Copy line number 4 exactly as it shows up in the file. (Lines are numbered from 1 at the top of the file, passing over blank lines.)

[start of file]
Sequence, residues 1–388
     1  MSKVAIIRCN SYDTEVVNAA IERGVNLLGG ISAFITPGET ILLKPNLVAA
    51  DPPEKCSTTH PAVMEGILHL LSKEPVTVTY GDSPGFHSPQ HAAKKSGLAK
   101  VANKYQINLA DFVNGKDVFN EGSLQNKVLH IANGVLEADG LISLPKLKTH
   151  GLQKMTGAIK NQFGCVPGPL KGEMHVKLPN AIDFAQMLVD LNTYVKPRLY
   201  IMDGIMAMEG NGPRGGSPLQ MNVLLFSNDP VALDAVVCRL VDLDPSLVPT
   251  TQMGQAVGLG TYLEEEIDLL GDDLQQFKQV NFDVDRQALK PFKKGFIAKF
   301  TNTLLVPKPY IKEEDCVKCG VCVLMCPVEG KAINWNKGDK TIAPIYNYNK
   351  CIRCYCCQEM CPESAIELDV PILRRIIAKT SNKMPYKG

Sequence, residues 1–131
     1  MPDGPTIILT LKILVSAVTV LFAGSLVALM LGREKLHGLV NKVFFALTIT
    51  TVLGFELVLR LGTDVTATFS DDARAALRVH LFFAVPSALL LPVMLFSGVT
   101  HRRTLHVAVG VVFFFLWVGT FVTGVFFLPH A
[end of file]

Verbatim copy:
   101  VANKYQINLA DFVNGKDVFN EGSLQNKVLH IANGVLEADG LISLPKLKTH